Neo-colonialism and economic underdevelopment
In spite of the abundant natural resources that most West African countries possess, they are still economically poor and under-developed. The living standards of the people are very low and basic social services are deplorable. The reasons for this unsatisfactory state of affairs are many and some of them will be discussed later in this chapter. However, certain people think that the roots of the major socio-economic problems facing West African countries today can be traced back to the colonial period and the influence of neo-colonialism.
During the colonial period, most West African countries concentrated on the production and marketing of one or two export (cash) crops: groundnuts in Senegal and Gambia; cocoa and palm kernels in Sierra Leone; palm oil and cocoa in Guinea, Côte d’Ivoire and Gold Coast (Ghana); and palm oil and kernels and cotton in Nigeria. West African economies were also structured to be permanently dependent on Western nations. They were consigned the role of primary producers for processing in the West. The terms of trade in the Western-controlled international market discriminated against African nations who were unable to earn enough to develop their economies. The World Trade Organisation (WTO), for example, draws trade rules between nations and these rules are generally more favourable to the developed countries. Obtaining better terms for West African products in the international market has been very difficult.
Also, the prices of agricultural goods have been falling in the international markets since the 1970s. For example, the fluctuating price of cocoa in the 1970s and 1980s nearly ruined the Ghanaian economy, which is heavily dependent on cocoa exports. Côte d’Ivoire, also a major cocoa exporter, experienced similar difficulties. At the same time, the cost of imported goods continued to rise when the price of primary products was falling. The mining sector has also been plagued with difficulties. Almost all the major minerals in West Africa are mined by foreign companies and these companies generally have very favourable concessions. They pay little tax to the government and there is hardly any linkage between the mining sector and other sectors of the economy.
West African countries have also been saddled with the debt burden. In their desire to provide needed services for their people and initiate capital projects, West Africa’s leaders resorted to massive borrowing with high interest rates, from abroad. Nkrumah took huge loans from the World Bank, the United States and Britain for the Akosombo hydro-electric project. The costs of construction soared far beyond the estimates. The result was to cripple Ghana, which was just emerging from colonial rule, with a huge foreign debt. By 1992, Ghana’s external debts stood at $30 billion. Practically every West African country has huge external and domestic debts and paying interest on these debts alone sometimes consumes an appreciable percentage of the country’s revenue.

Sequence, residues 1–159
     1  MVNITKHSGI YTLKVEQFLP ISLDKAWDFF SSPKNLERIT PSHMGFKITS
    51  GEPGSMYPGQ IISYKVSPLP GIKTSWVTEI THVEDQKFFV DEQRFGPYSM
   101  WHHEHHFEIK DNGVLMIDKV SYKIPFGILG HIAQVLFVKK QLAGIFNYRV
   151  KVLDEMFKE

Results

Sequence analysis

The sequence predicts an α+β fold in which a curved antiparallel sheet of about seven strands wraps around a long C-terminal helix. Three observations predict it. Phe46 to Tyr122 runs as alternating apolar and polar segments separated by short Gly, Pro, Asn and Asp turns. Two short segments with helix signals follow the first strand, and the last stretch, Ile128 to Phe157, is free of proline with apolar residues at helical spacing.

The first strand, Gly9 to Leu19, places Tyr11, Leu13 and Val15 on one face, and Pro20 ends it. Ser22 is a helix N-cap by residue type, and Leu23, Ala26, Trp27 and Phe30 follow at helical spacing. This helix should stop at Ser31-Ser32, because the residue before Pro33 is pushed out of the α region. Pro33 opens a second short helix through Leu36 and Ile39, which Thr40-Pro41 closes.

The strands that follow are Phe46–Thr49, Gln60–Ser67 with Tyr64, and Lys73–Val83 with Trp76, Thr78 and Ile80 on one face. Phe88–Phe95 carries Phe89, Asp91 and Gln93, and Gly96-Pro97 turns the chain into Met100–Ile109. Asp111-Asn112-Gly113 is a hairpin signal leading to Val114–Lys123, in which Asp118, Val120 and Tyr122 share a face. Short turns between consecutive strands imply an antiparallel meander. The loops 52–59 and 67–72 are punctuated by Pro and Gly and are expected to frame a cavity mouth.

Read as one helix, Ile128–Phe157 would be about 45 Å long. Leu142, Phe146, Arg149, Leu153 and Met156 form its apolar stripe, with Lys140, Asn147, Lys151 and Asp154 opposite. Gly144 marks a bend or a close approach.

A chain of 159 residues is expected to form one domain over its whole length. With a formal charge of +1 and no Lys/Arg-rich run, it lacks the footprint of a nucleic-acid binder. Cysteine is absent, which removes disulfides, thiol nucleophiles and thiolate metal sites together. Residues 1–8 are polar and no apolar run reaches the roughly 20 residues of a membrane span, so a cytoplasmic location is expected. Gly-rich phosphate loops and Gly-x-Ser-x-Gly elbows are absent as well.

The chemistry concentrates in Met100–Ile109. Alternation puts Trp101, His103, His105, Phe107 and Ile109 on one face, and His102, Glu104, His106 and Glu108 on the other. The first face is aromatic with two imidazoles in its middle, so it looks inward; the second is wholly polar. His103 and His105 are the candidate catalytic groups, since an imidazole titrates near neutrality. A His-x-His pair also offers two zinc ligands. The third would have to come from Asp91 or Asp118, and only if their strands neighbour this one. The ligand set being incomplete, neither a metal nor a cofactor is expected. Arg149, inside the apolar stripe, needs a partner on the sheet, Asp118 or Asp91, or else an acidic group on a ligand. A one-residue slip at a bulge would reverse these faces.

West African rulers have generally abandoned the high ideals they had pronounced on assuming power. All of them, without exception, promised to uphold democratic values and principles and the rule of law. Very quickly, most resorted to autocratic rule and were very intolerant of opposing political views and opinions. They saw dissent or opposition as a threat to stability and an obstacle to development. They undermined the governance structures left behind by the colonialists and some instituted one-party regimes.
Kwame Nkrumah, who had pioneered West African independence, led the way. Like many new African states, Ghana suffered from regional factionalism, and Nkrumah saw some strong economic groups like the wealthy farmers, who were regionally concentrated, as a danger to social unity. In 1964, faced with growing resentment and afraid of internal opposition, Nkrumah pushed a constitutional amendment that made Ghana a one-party state, and himself the life president. Thereafter, he became increasingly repressive and isolated himself from the common people.
In Francophone West Africa, Houphouët-Boigy of Côte d’Ivoire and Sékou Touré of Guinea installed near single-party regimes even before formal independence. By the mid-1960s almost all the Francophone countries had instituted single-party governments. In Anglophone West Africa, Sierra Leone followed Ghana in 1978. Supporters of one-party rule put forward interesting but unconvincing arguments.
- Multi-party democracy was foreign to Africa. In precolonial Africa, they argued, people practised a single party form of government.
- There were limited human resources in the newly-independent countries and it was necessary, therefore, for everyone to come together for rapid socio-economic and political development.
The political argument was not historically correct. There were no political parties in precolonial Africa. African kings and queens governed by consensus and there were several checks against tyrannical rule. These checks were totally absent in West Africa’s one-party systems. In practice, one party became one-person rule, for the parliaments simply rubberstamped the actions of the Executive President.